5-25-99

I have been printing a lot on our 2 color KOMORI press lately. It seems like every job has a problem. Most of them are related to the lousy powder unit. For the uninitiated, the powder unit is a little machine on the end of a printing press that sprays powder between the wet sheets as they are printed to keep the wet ink on the sheets of paper from gluing the stack of paper into a big, three hundred pound paper brick. Just imagine painting a sheet of paper with house paint. Now paint another sheet of paper, really slather the paint on all over the sheet. Do that to 500 or a thousand sheets and stack them all up together in a neat, wet stack. It would turn into a brick right? The powder unit keeps all the sheets away from each other while the ink drys. It is quite amazing how well it works when it is designed correctly, like on a Heidelberg. So, I have been suffering. And I was printing some greasy metallic ink that kept scumming no matter how many goats I sacrificed. The floor was covered with blood, metaphorical, virtual blood I mean to say. Fortunately the incense I was burning for good karma covered up the stink of fear. At least I remembered to check the form rollers. Two were barely touching. Day shifts maintenance habits leave a little to be desired. That's enough whining for one night. I am heading out to the Aerodyne for a workout. I have to get that out of the way so I can have my brandy nightcap, the best part of my lonely day.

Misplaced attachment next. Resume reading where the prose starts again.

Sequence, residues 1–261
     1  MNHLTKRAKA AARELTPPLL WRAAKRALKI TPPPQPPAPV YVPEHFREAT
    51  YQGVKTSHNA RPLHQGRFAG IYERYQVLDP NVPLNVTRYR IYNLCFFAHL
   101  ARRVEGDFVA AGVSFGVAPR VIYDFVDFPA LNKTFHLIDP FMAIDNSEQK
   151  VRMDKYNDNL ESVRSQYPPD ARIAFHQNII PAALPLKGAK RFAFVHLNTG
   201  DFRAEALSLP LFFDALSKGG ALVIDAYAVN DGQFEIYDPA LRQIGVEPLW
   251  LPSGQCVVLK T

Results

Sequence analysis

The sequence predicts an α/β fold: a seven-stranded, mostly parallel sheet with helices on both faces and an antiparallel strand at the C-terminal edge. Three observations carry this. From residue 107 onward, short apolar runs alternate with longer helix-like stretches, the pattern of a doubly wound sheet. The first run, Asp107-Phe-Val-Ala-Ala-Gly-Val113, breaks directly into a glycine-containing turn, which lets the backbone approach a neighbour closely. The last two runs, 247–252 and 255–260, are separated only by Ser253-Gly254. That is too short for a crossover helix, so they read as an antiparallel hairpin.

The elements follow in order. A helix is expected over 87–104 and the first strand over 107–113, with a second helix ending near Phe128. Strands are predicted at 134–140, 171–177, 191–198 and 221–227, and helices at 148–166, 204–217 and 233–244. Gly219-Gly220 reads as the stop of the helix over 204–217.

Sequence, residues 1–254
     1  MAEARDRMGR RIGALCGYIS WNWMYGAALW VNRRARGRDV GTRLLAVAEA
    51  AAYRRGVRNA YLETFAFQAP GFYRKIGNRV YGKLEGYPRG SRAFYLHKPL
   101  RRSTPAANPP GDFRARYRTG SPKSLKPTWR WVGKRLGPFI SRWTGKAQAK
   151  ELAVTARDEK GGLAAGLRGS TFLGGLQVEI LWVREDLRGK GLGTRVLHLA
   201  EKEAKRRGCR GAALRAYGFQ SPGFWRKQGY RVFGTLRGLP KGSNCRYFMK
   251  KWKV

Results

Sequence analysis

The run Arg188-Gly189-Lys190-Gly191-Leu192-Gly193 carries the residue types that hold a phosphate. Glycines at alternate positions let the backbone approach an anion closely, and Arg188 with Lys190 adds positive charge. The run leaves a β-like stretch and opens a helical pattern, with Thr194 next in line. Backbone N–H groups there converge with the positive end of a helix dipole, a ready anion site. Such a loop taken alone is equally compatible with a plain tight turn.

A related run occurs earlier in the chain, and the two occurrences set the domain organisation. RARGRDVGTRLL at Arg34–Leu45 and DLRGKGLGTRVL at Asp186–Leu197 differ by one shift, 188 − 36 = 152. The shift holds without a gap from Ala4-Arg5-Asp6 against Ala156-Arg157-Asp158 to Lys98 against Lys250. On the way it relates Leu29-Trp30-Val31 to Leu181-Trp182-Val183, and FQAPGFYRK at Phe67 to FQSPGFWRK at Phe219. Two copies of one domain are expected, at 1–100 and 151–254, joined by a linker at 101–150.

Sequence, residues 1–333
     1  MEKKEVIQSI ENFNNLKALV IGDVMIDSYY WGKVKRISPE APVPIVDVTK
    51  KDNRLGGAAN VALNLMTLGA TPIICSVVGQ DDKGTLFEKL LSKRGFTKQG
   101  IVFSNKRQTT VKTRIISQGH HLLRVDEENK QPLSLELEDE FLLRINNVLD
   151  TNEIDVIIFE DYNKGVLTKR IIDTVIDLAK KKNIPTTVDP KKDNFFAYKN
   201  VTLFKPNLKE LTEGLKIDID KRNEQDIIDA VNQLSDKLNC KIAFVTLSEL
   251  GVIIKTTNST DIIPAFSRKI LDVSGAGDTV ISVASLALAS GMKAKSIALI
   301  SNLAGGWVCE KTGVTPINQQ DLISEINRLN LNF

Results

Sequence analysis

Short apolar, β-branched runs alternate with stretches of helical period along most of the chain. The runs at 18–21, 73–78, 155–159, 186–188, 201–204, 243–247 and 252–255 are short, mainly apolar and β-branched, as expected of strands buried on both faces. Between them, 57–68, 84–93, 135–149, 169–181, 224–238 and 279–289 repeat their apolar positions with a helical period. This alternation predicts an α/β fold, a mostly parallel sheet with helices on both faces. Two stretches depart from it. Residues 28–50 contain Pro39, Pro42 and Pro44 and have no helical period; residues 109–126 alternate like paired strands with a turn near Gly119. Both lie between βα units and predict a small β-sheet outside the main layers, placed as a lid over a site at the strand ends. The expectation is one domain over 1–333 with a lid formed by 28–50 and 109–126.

May 21

Friday is finally here. I need to get out and do something fun this weekend. I am getting fat. 165 pounds lumbered up onto the scale this morning. In my prime I weighed 150. It doesn't seem to matter that I exercise 3 or more times a week and have an active, run around kind of job. I love to eat. I refuse to get hungry. I have this drawer at work that I keep stocked with dried fruit, top ramon and peanuts. It used to be for emergencies when I worked overtime. Now it is for feeding this gut. I avoid sweets on principle except when they are free or I smell them. Not much of a diet plan and I am growing the gut to prove it. Climbing used to keep me in shape until Sue decided she was tired of scaring herself to death and refused follow me. They used to come along and belay me on the ground but now they would all rather stay home and play with their friends. What I need to do is mount this computer on my Aerodyne exercise bicycle. Instead I am going to go rollerblading right now.

May 19

To celebrate my birthday I lost my keys. They disappeared when I went to lunch. It is odd how we have to carry those strange little slips of metal around with us. I wasn't even having a bad day. Fortunately I had extra car keys but I had to beat on the door when I got home. Sue got freaked out, thought she had a weirdo. I am thinking about adding an index to this journal. It is getting big enough that it needs a little more order. I have the day off tomorrow. It will be great to do the family thing.

May 17